Since the United Nations COP26 conference last year, renewable energy has become the theme in the energy industry and rule book was established as to how countries will be held accountable for the Paris Agreement. Mr. Suga stated that Japan must be carbon-neutral by 2050, and the government has introduced a strategic energy plan which calls for 38% of renewables by 2030. With a unique topography, lack of natural resources and prone to natural disasters, what kind of renewables do you think is most ideal for Japan, and what can your firm contribute in terms of technology?

Perovskite solar cell is a new technology that Japan is taking the lead on. It is very efficient and also cost-effective. It could be used to create solar paint. You can paint it on a surface to generate power. We believe that this is going to be the standard in the future. For storage, there will be a shift from lithium to zinc or a solid state. Right now, this new technology is used in EVs, but I believe it will be applied to the science and energy fields in the future. I am getting a lot of input from experts and professors in the academic field. We have a very ambitious target for carbon neutrality.  There are different ways that we are trying to achieve this. One way is to raise the proportion of renewable energy to 37%. Another way is by energy conservation. For example, we purchased the rights of the forests for our Carbon Capture Utilization and Storage (CCUS) and this process helps us to offset the emissions into the atmosphere.  With a combination of these different approaches, we are trying to reach 100% carbon neutrality.

To achieve this by 2050 will be very challenging. We are focusing on transmission distribution when it comes to renewable energy. Carrying out our corporate responsibility will help us cover some ground, but we have to start somewhere. We are going to give it our all when it comes to realizing our goal of carbon neutrality.


Your company has invested in energy storage systems. You purchased shares in the Connexx Systems, a couple of years ago, which is next-generation energy storage. You also invested in SIRC which develops power sensors. Can you tell us a bit more about your venture business and the type of companies you invest in, and why you choose these companies?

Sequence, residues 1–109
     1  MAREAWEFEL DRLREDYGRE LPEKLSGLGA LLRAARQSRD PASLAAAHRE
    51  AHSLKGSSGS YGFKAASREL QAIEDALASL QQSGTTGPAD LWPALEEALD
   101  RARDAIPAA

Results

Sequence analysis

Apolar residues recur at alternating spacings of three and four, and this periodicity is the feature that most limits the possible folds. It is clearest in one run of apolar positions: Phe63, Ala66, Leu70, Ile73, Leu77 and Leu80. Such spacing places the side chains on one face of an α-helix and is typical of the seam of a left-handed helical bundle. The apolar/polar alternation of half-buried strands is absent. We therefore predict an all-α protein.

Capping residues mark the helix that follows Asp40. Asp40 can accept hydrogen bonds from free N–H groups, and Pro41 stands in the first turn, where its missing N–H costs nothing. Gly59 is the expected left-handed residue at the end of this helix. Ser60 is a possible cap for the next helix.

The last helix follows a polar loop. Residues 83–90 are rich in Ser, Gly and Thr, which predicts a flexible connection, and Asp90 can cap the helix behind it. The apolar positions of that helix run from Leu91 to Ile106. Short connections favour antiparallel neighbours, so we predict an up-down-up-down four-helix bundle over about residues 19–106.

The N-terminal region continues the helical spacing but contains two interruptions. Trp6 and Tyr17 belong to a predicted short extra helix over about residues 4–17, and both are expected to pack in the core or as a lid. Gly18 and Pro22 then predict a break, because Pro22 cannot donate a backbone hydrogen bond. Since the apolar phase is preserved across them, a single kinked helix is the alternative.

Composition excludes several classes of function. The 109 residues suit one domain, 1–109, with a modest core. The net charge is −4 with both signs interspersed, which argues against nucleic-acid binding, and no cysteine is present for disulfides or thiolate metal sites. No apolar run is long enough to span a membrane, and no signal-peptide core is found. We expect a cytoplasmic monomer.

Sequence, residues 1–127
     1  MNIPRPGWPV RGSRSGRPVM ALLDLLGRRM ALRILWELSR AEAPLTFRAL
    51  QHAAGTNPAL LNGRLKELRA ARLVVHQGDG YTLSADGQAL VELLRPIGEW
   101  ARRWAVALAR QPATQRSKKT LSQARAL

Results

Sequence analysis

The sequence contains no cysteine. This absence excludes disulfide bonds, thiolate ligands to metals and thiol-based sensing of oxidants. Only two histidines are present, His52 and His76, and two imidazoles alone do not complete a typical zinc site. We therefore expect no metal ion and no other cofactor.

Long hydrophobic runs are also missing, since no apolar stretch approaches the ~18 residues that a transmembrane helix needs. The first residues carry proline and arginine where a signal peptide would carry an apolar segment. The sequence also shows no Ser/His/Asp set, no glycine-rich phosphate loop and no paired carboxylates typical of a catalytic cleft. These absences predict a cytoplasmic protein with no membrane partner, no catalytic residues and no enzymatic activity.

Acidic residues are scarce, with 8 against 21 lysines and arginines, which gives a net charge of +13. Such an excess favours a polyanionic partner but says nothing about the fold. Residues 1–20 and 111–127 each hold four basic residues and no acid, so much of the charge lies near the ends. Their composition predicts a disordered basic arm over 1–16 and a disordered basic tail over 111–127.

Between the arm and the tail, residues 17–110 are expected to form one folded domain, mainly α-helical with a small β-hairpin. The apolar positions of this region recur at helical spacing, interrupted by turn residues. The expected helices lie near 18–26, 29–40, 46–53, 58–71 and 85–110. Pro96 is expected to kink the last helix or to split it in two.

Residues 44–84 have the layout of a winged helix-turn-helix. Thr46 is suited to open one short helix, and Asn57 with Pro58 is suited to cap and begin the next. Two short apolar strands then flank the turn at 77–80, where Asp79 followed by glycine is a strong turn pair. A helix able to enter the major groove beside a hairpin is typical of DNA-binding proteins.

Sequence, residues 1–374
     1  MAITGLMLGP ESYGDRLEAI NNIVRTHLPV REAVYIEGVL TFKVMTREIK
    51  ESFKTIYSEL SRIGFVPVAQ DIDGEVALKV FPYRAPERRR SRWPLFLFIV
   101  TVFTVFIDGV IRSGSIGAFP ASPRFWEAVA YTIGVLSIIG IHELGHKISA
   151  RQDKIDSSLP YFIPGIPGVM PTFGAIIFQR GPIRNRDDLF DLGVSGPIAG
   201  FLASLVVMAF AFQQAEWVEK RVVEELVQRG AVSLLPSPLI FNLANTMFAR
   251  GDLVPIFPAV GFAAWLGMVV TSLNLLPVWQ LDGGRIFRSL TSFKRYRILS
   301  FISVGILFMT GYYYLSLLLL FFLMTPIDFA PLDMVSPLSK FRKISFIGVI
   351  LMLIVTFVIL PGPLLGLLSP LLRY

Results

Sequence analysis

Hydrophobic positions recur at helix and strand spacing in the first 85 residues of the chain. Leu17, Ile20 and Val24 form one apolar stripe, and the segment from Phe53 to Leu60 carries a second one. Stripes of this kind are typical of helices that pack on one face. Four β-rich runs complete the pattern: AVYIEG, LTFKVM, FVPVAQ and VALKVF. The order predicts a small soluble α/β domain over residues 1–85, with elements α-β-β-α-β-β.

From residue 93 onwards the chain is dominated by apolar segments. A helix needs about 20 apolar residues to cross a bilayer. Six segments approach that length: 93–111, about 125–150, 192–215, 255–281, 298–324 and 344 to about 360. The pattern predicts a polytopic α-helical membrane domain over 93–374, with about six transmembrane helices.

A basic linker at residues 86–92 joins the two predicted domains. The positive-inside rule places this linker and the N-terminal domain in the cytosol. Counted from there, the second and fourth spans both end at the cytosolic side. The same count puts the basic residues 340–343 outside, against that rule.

We have to think about the growth of the existing business. In addition, we need to invest in new technologies to be ready for the changes that will affect us in the future. We have a few initiatives. One of them is establishing a new corporate venture capital looking for companies that we can potentially work with together. We always look into companies that we believe will create synergy with our business. We already started investing in three corporate venture capitals. The first is in storage because we think there is potential growth in that field. The second is related to measurement because, as I mentioned, energy conservation will be very important. The third is electrolyte solution. We are not expecting an immediate investment return in any of these areas, but we hope to see growth next year in strengthening the power grid area infrastructure, which would contribute to the increased ratio of renewable energy. Recouping investments in these three areas would be from a mid to long-term perspective, but we are doing it because we would like to contribute to society.

You work with both public and private clients such as The Ministry for Land, Infrastructure, Transport & Tourism (MILT), East Nippon highway manufacturers, Obayashi and Tokyo Electric Power Company (TEPCO). What synergies have you developed between your public and private clients? How has working with the government helped you in dealing with your private clients? Are you planning to enhance your presence in the private sector?

The public work projects are under government initiatives. Utility-related projects are a combination of the private and the public sector, where the government is heavily involved. Our private clients include Obayashi and the company creating the solar power infrastructure. For our core business, we want to expand the grid business related to private leading companies such as Mitsubishi Shoji. However, they need somebody to build the substation and the grid network. We have foreseen this need, and we have already positioned ourselves to expand in that direction. This is an area where we anticipate exponential growth. It also seems to be a better choice for our company compared to government or public projects. We do not gain much working with government-related projects. We might learn from long-term R&D projects funded by the government, but we are not expecting to receive a lot of money from them. If we want to focus on the technical aspects, we can learn more from working with the private sector.


Let us talk more about the transmission line and construction aspect of your business. Your company developed a unique raising method called the Enark 160. Could you tell us a bit more about this method? What are its advantages compared to conventional and other methods?